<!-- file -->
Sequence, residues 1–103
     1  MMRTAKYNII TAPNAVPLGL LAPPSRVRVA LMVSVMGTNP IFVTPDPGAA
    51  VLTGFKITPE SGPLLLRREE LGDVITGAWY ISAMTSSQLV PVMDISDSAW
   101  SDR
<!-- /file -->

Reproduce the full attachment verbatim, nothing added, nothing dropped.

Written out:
Sequence, residues 1–103
     1  MMRTAKYNII TAPNAVPLGL LAPPSRVRVA LMVSVMGTNP IFVTPDPGAA
    51  VLTGFKITPE SGPLLLRREE LGDVITGAWY ISAMTSSQLV PVMDISDSAW
   101  SDR